The piece was originally called, "The Dream-Eagle Mind of Gladys Davis-Parker." Poet Irene McKinney, upon critiquing the poem, which is Gladys's lucid voice, suggested that eagles conjure up too many images of American heritage, especially Native American folk lore. So, I changed it to Falcon-Dream. Though, Dream-Eagle still has a nice assonance I miss.
Another very impressionistic piece. When the 1997 Dayton Voice Fiction and Poetry contest rolled around I had nothing ready that was short enough. Anything I could have finished would have been severely compromised if cut down to the mandatory 2,000 words or fewer. So, I wrote "Hanna's Trespass." To get started I played an alphabet game. I randomly wrote all the letters of the alphabet on a piece of paper. "D" was the first on the page, so I opened a big dictionary to the D section, arbitrarily picked a column and counted up an arbitrary number from the bottom of that column. I came upon the word "dewdrop," and thus got the first word of the story. This one is a story, if an opaque one.
I went back to the game whenever I got hung up. The only rule I had was that during the first draft, I could not reject the word that resulted from the game, I had to make it work. In revision I was free to do whatever I wanted.
I had no preconception of what this story was. I let it bring me in to it. I didn't know that Hanna and Charlie were siblings at first. I knew they weren't lovers, and I teased a suggestion that they were out of an impulse that such a suggestion would help introduce the intensity and intimacy of their relationship. I did know early that they had a deep connection. Looking back at how bad their plan seemed to be I had at a point thought about a serious revision to make her strategy smarter. But it just seems to me that her plan should be bad -- I don't think it was ever her intent to succeed, anyway. I think the whole production is the exorcism of her guilt. She may not know it, but, isn't there a sense that Charlie does, and that he's play-acting a role, not to humor her, but to assist her in her ritual?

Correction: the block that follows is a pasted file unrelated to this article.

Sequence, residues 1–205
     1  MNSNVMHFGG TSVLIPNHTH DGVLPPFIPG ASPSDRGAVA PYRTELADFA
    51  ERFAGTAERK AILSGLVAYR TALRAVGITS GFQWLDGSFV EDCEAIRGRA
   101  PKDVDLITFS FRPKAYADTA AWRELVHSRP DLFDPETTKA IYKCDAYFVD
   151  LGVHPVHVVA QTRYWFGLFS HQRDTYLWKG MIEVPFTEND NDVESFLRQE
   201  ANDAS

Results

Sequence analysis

The judges did not honor this piece at all, by the way.
I and my photographer friend, David Sims, have been painfully slow at marrying his photos and my words -- usually poems. As of late July, 1997, this is the only finished product of what was a grand plan for a book's worth of material. Though there are at least a dozen more photos I'm hot to pen to. I have a couple poems that are well started, and some good ideas for others. Stay tuned. They may end up here.